a little trouble;) & I would have the trips long, & the stays in port
short; & my boat should be a big dignified freight boat, with a stately
contempt for passenger-hails & a tranquil willingness to 'lay up" for
fog -- being never in a hurry; & her crew should never change, nor ever
die; -- one such crew I have in mind, & can call their names & see their
faces, now: but two decades have done their work upon them, & half are dead,
the rest scattered, & the boats bones are rotting five fathom deep
in Madrid Bend. That is the way I would have it all. And in addition, I should
require to be notorious among speakers of the English tongue -- because I should
want to be invited around, a little, you know, & have nice little kindly
attentions in cars & ships & other places where such things help out,
you see, & keep a body from feeling homesick. And when strangers were introduced
I should have them repeat Mr. Clemens? doubtfully, & with the
rising inflection -- & when they were informed that I was the celebrated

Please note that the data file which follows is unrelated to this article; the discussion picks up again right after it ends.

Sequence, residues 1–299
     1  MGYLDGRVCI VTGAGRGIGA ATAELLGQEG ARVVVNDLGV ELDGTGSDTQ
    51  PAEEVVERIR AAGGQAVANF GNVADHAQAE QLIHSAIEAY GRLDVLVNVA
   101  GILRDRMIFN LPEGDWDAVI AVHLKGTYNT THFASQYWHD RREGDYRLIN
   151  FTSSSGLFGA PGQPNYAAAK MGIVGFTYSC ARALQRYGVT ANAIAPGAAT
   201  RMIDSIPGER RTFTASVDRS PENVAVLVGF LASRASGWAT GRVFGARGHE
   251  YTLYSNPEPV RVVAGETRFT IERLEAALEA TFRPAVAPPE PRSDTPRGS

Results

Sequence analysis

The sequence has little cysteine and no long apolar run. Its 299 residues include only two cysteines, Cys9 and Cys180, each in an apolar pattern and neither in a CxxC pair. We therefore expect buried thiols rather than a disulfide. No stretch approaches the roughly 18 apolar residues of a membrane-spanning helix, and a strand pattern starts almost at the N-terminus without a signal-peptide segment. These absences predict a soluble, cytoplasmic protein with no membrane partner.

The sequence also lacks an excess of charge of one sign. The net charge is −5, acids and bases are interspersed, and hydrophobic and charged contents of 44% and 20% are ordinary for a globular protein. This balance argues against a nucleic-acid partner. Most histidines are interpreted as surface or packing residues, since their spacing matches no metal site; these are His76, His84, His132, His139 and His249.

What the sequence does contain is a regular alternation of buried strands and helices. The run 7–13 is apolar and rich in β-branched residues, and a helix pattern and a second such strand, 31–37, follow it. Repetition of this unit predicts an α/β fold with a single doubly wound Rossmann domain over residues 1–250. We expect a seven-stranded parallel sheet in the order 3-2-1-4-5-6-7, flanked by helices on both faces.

Master Pilot of the Mississippi, & immediately took me by the
hand & wrung it with effusion, & exclaimed, O, I know that name
very well! I should feel a pleasurable emotion trickling down my spine
& know I had not lived in vain.
- letter to David Watt Bowser, 20 March 1880
MISSOURI, (known as "The Big Missouri") the boat Ben Rogers impersonates
as he approaches Tom Sawyer during the fence whitewashing episode. Original
engraving for the Family
1850 was lithographed by Klaupreck & Menzel in Cincinnati. The MISSOURI
ran in the St. Louis-New Orleans trade and was lost by fire in St. Louis on
July 8, 1851.
- Photo and history of the steamer MISSOURI courtesy of Dave Thomson.
Also see Clemens' Pilot License